PR Stanley prstanley at ntlworld.com
Tue Apr 1 17:17:27 EDT 2008

```Try putting this through your GHCI:
:t twice f x = f (f x)
I'd presume that based on the inference of (f x) f is (t -> t) and x :: t

Yes, Maybe I should get the right associativity rule cleared first.
Cheers,
Paul

At 20:35 01/04/2008, you wrote:
>PR Stanley:
>>I know sort of instinctively why it is so but can't think of the
>>formal rationale for it:
>>f g x = g (g x) :: (t -> t) -> (t -> t)
>
>First of all - it is not the definition f g x = ... :: (t-> ...
>but the type of the function which might be specified:
>f :: (t->t)->t->t
>>Why not
>>(t -> t) -> t -> (t -> t)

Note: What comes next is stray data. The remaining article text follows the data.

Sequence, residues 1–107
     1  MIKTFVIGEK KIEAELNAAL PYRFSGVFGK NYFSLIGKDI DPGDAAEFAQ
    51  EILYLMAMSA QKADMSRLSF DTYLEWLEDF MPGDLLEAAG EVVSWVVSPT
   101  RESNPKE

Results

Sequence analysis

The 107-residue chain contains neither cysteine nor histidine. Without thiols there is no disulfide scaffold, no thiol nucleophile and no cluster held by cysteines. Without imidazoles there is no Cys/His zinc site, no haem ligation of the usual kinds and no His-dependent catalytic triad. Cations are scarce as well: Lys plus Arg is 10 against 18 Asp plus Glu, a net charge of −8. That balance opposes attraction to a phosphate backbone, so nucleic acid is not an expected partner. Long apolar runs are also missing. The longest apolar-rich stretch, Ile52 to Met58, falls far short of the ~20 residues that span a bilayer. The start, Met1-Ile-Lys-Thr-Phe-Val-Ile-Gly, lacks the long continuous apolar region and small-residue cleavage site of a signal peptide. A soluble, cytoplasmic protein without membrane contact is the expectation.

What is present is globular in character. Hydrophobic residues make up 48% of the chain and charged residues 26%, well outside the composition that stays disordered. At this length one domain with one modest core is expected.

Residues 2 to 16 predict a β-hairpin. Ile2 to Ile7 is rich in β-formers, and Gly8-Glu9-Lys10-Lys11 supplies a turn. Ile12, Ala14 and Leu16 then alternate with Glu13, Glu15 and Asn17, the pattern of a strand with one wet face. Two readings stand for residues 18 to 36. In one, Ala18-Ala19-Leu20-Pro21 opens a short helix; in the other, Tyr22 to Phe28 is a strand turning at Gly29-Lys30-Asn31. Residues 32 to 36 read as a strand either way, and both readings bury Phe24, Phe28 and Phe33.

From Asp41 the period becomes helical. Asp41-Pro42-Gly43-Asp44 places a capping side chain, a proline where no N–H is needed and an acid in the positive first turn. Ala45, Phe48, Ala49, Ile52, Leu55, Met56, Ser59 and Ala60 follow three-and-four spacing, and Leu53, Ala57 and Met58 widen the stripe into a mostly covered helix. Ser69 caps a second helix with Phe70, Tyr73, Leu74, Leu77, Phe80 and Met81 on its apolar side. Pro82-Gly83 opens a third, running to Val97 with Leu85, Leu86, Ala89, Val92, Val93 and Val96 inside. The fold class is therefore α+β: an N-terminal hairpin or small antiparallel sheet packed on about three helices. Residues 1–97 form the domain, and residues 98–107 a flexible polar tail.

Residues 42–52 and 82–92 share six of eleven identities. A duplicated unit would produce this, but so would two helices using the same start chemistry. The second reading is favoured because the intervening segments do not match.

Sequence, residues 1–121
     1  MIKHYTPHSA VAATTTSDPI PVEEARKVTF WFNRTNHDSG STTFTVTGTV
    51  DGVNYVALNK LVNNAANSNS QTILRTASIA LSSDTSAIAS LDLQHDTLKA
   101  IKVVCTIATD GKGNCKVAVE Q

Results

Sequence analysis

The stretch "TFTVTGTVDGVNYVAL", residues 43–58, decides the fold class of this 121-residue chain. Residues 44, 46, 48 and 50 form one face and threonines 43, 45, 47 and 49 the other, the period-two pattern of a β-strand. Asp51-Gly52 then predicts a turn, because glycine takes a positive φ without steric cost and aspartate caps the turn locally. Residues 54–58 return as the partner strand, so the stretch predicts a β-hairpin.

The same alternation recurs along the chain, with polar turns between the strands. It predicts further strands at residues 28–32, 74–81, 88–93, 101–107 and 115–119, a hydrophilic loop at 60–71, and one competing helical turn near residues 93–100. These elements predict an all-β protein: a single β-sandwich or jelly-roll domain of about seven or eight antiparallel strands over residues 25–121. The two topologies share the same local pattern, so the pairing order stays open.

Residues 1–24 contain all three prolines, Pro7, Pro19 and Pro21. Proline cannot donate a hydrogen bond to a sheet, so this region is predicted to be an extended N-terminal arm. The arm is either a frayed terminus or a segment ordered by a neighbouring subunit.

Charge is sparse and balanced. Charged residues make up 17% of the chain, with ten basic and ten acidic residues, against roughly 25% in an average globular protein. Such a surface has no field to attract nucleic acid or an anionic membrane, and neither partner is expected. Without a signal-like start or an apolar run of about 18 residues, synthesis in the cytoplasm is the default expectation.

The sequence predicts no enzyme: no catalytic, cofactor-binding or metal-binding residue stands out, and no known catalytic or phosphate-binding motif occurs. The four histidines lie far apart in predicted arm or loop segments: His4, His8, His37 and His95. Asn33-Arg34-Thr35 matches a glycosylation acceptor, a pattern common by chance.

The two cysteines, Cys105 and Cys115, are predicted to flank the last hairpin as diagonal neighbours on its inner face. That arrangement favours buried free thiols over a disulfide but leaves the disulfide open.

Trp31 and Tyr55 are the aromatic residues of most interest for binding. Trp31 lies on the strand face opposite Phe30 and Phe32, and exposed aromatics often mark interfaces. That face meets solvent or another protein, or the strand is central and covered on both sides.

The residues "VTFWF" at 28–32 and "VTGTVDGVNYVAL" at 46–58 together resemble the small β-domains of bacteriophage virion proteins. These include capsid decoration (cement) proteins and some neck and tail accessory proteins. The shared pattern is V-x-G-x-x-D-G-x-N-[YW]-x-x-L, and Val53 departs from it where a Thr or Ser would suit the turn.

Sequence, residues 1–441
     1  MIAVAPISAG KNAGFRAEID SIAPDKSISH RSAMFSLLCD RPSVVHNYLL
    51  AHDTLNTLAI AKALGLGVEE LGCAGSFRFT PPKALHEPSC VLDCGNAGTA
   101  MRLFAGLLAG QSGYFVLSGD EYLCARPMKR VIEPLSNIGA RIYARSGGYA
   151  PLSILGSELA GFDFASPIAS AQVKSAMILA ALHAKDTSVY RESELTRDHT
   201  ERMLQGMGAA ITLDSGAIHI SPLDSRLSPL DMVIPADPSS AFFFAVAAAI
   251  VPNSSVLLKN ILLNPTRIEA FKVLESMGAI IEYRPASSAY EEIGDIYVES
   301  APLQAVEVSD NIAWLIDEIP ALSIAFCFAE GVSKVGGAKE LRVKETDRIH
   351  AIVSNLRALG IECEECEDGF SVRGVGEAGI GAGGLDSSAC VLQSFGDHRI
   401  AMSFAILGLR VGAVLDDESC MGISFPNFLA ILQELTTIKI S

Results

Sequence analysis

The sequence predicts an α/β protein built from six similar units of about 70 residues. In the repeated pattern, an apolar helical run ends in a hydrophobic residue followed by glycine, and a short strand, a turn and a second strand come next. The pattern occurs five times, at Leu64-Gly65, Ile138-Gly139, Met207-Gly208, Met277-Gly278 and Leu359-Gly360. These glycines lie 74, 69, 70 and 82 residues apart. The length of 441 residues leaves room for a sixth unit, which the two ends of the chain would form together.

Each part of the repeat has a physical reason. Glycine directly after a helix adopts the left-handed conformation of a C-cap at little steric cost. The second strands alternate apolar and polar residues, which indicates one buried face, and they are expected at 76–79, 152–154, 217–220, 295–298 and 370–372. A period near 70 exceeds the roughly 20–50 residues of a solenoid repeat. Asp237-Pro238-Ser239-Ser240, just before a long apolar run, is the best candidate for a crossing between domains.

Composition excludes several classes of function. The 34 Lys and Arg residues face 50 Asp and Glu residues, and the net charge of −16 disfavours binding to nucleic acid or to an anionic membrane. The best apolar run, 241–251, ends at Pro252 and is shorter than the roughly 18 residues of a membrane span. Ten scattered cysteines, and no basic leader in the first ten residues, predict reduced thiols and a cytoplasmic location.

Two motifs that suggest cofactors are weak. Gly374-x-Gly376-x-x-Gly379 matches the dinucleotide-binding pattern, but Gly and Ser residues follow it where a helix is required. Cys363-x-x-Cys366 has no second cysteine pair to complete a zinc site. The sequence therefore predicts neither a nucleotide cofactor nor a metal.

>>to take account of the argument x for g?
>
>is simple. If t is the type of x, then g must be g :: t->t, you're right.
>So f :: (t->t) -> t -> [the type of the result]
>But this result is of the type t, it is g(g x), not (t->t), it is as
>simple as that. Perhaps you didn't recognize that "->" is syntactically
>a right-associative op, so
>a->b->c   is equivalent to a->(b->c), or
>(t->t)->t->t         equiv. to  (t->t)->(t->t)
>
>Jerzy Karczmarczuk
>_______________________________________________